Post-2000 vintage black music compilations have tended to be based around classic soul, funk and jazz anthems, collectable 1970s and 80s disco and boogie 12”s and newer discoveries from Africa, South America and other less understood musical scenes, with obscure jazz findings now less of a focus. But compilation albums can help almost create classics, such as what Stuart Baker did with Soul Jazz’s London Jazz Classics series, alongside other compilers from Luv N’ Haight in San Francisco and Germany’s Mojo Club, and it’s here that Kev Beadle returns to the third instalment of his popular Private Collection series, a gathering of 14 fairly rare jazz recordings which touch on Brazilian jazz, modal, fusion and spiritual jazz aesthetics.
The LP is a very mixed bag, for example, bassist John Lee, drummer Gerry Brown and alto sax legend Gary Bartz join Dutch flutist Chris Hinze for an impressive funky fusion foray on ‘Infinite Jones’ from 1974 (but recorded in ’73), a track taken from Hinze’s own private press label, Keytone. War’s ‘The World Is A Ghetto’ receives a makeover via jazz vocalist Lee Willhite for this self released and only solo album ‘First Venture’ from 1982, although it sounds much older and even includes UK Vibe favourite Harold Mabern on piano. Louis Hayes and his 1979 version of ‘Little Sunflower’, the Freddie Hubbard standard, has been a personal favourite for a while and features Leon Thomas performing more straighter vocal duties with only some very brief yodeling from Leon but some interesting jazz whistling thrown in for this bossa influenced groover, which also includes Harold Mabern, Cecil McBee on bass and Frank Strozier on flute. Ronald Snijders and ‘Latinetta’ from 1981 continue the flute centric theme of this collection from the Dutch composer, producer and flutist. Again, this sounds much older in origin than its early 1980s date suggests with its strong Brazilian jazz composition leanings and effective female vocal phrasing.
Another personal favourite, ‘Quiet Fire’ by Roy Haynes from 1977, mainly centres on a one-bar piano ostinato and could possibly be best described as a jazz dancer, with additional drum flourishes by Roy and solid bass underpinnings again by Cecil McBee. Another Brazilian influenced piece is John Thomas & Lifeforce and ‘Maryke’, from the Chicago guitarist with his German band including additional vocals by the underrated Monika Linges. Another great DJ tool too. And I always need another version of ‘Misturada’ with this being an excellent jolty Fender Rhodes based excursion of the Quarteto Novo (Airto’s early group) standard. But throughout this selection, everything presented here is of high quality, especially as it slightly steps away from the previous two volumes which both included a few more obvious inclusions.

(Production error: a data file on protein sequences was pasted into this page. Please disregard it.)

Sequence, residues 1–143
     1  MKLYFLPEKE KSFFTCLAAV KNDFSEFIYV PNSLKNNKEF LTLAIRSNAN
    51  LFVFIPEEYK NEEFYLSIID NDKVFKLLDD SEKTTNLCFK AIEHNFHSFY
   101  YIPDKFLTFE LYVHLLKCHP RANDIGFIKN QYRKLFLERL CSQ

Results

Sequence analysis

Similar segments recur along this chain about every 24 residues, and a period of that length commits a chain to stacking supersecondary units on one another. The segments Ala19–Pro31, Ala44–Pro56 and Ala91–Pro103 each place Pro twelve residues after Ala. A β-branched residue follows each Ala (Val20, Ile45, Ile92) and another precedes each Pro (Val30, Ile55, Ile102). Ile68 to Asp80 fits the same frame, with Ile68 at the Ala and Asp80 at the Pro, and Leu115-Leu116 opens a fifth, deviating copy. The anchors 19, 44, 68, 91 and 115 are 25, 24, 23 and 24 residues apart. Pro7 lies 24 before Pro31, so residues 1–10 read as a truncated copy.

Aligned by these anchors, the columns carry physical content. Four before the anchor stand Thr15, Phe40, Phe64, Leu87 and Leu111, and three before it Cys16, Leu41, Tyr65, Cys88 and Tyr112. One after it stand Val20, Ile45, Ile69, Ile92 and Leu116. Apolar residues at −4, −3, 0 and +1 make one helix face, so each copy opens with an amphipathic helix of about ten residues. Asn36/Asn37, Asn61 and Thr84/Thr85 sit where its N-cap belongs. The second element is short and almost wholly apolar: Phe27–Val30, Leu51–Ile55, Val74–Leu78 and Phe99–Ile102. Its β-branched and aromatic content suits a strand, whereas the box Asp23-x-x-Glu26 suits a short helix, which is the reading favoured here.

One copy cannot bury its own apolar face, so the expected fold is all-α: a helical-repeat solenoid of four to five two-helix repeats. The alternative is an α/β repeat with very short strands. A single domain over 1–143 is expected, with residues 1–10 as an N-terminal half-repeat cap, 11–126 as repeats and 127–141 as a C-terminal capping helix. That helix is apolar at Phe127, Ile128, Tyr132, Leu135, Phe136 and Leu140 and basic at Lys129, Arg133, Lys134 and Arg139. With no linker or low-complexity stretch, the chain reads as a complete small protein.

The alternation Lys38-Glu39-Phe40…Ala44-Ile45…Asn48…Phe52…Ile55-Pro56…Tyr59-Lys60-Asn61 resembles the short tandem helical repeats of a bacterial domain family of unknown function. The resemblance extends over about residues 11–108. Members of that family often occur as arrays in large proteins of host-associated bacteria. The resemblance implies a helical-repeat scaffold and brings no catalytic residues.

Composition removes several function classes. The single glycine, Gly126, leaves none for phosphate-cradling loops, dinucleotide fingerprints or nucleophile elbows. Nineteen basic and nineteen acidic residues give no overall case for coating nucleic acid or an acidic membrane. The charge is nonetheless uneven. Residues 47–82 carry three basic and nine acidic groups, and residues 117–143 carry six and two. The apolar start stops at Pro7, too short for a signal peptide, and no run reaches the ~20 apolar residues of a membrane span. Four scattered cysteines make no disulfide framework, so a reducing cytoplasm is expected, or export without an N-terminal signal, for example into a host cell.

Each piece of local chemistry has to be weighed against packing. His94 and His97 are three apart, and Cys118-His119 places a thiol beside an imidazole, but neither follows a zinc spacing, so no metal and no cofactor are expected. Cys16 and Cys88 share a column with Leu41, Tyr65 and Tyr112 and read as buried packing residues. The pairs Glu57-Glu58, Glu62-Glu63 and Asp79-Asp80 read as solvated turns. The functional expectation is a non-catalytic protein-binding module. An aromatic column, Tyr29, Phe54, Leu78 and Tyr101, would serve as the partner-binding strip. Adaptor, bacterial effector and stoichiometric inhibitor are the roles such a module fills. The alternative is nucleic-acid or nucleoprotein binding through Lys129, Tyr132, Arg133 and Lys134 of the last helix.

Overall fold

And finally, before keyboardist Webster Lewis was signed to a major label with Epic and released a string of relatively successful albums in the late 1970s and early ‘80s, he recorded a now very obscure live album in Norway in 1971, ‘Live At Club 7’ which included the original version of ‘Do You Believe’. The version provided here would have come from the other performance of this two-night run and was later issued in 2007 on ‘The Club 7 Live Tapes’, which has now also become collectable. This heavy-duty soul/jazz number, with its pounding Hammond rhythm, dual sax workouts and baritone vocal from the criminally unknown Judd Watkins is one of the highlights from an already impressive selection. But on a sad note, ‘Live At Club 7’ was originally repressed in 1996 on Counterpoint Records, the UK-based label that also issued the influential Disco Juice and Jazz Bizniz compilation series and was at one time a home to Fertile Ground. This pressing was what exposed this early Webster Lewis album to the music world as well as the Marc Moulin and Placebo albums via Counterpoint reissues, which was run by record dealer Jake Behnan who sadly passed away in September 2017.
Mr. Beadle (who also compiled EMI’s Capitol Rare series) has delivered a very strong collection and this is definitely the best so far in the series, and although the cultural impact of these kind of compilations will probably never return, Private Collection Vol. 3 continues the concept of placing hand picked, obscure but fantastic pieces of music on one album that might otherwise have been forgotten.